DRC: Army accused of summary executions
The DRC human rights group ASADHO has expressed concern over summary executions and harassment by the Congolese army in villages near the town of Basankusu in Equateur province. In the report, issued before the rebel Mouvement de liberation du Congo (MLC) captured Basankusu from the army, ASADHO said the atrocities were committed in July and September in villages such as Pimu, Djombo and Kodoro after Congolese troops were repulsed by the MLC. On their retreat towards the Maringa river, the soldiers "killed in cold blood" people who tried to escape the onslaught, apparently seeking out the Ngombe people whom they accused of collaborating with the rebels. ASADHO also accused some MLC rebels of cannibalism. It cited witnesses who said a man and two children in Djombo had their throats slit by members of the MLC, who then ate them.
Meanwhile, MLC leader Jean-Pierre Bemba has moved his operational headquarters from Gbadolite to Basankusu after his troops captured the town last week, AFP reported. Gbadolite would remain the administrative centre of the MLC, Bemba said.
DRC: Report on ethnic conflict in Ituri
In a separate report, ASADHO said the inter-ethnic conflict in the northeast Ituri district between the Lendu and Hema people is due in part to a lack of protection and confidence in the state. In a report issued this month on the conflict that has been raging in the district for several months, ASADHO also said the situation was aggravated by the "partisan attitude" of Ugandan troops in the area towards the Hema people. Noting that the two ethnic groups have traditionally been opposed for years over land issues, ASADHO said the current conflict had left 1,200 people dead by the beginning of September, but believed the number to be far greater. By mid-November, tens of thousands of people were displaced. ASADHO urged Ugandan troops and rebels of the Rassemblement congolais pour la democratie-mouvement de liberation (RCD-ML), who control the area, to guarantee security impartially for all inhabitants of the region.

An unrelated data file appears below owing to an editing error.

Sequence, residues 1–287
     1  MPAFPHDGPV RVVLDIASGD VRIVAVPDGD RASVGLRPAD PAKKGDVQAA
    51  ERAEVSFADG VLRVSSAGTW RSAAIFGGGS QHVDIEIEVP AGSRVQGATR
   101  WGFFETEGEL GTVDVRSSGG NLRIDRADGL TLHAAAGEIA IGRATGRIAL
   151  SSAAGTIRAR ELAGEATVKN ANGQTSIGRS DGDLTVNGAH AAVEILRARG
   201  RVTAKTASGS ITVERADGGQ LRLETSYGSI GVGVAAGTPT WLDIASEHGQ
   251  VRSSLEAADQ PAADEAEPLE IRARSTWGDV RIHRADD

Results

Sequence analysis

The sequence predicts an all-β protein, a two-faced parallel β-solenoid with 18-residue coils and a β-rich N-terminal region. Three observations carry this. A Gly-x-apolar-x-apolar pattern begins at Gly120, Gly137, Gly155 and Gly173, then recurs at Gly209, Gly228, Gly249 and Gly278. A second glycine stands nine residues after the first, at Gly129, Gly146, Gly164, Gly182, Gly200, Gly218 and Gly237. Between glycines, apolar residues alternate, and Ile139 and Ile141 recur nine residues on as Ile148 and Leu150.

DRC: No UN observers without new mediator, says Holbrooke
The US envoy to the UN, Richard Holbrooke, said in South Africa on Monday that the UN would focus particularly on the DRC conflict when the US assumes the rotating presidency of the Security Council in January. However, Washington would not support the deployment of 500 UN military observers to the DRC until all sides agreed to a special mediator to revitalise the Lusaka agreement. The international community could not be expected to intervene in the DRC unless all sides stopped the renewed fighting and adhered to the ceasefire, the BBC quoted him as saying. "The renewed fighting threatens to leave the Lusaka agreement in tatters ... If the parties in the Congo really want the international community's involvement and support, such violations of these commitments are simply unacceptable," Holbrooke added.
DRC: Kinshasa claims "double standards" over ceasefire violations
President Laurent-Desire Kabila's aide de camp Colonel Eddy Kapend at the weekend denounced what he called the "double standards of the international community, in particular the USA". "The fronts are not stable because they are attacked by the aggressors on a regular basis," Kapend said over state radio. He added that the rebels had captured localities in Kasai and Equateur Provinces, including Basankusu, last week, since the ceasefire agreement. "The international community scandalously did not say a single word" on these, yet complains of ceasefire violations when the government "repulses the enemy forces from an unjustly-occupied locality", Kapend claimed.
UGANDA: Minister says ADF surrender would bring Congo withdrawal
Minister of State for Security Muruli Mukasa said on Monday the Uganda People's Defence Forces (UPDF) would withdraw from the DRC if the rebel Allied Democratic Forces (ADF), who are active in western Uganda from bases in eastern DRC, were to surrender. The government welcomed negotiations between Kasese District politicians and the ADF, Radio Uganda quoted Mukusa as saying. Speaking in the context of a rebel amnesty bill being debated in parliament, Mukusa said the authorities were "willing to forgive and accept the ADF if they surrender".
Nairobi, 7 December 1999, 13:20 gmt